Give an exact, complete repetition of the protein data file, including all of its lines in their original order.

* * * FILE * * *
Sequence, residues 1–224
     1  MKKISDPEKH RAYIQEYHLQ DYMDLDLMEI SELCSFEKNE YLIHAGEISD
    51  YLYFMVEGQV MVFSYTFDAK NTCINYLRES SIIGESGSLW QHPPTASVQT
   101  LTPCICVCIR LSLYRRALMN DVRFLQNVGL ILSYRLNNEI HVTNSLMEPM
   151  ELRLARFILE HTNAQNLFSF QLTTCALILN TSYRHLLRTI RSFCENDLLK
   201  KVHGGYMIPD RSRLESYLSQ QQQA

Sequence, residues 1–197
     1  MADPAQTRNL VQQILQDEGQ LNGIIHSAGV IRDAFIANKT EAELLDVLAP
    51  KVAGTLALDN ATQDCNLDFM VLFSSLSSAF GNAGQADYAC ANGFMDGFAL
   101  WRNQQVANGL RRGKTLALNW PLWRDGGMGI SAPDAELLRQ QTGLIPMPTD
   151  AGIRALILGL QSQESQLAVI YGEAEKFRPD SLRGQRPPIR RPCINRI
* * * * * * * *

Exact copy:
Sequence, residues 1–224
     1  MKKISDPEKH RAYIQEYHLQ DYMDLDLMEI SELCSFEKNE YLIHAGEISD
    51  YLYFMVEGQV MVFSYTFDAK NTCINYLRES SIIGESGSLW QHPPTASVQT
   101  LTPCICVCIR LSLYRRALMN DVRFLQNVGL ILSYRLNNEI HVTNSLMEPM
   151  ELRLARFILE HTNAQNLFSF QLTTCALILN TSYRHLLRTI RSFCENDLLK
   201  KVHGGYMIPD RSRLESYLSQ QQQA

Sequence, residues 1–197
     1  MADPAQTRNL VQQILQDEGQ LNGIIHSAGV IRDAFIANKT EAELLDVLAP
    51  KVAGTLALDN ATQDCNLDFM VLFSSLSSAF GNAGQADYAC ANGFMDGFAL
   101  WRNQQVANGL RRGKTLALNW PLWRDGGMGI SAPDAELLRQ QTGLIPMPTD
   151  AGIRALILGL QSQESQLAVI YGEAEKFRPD SLRGQRPPIR RPCINRI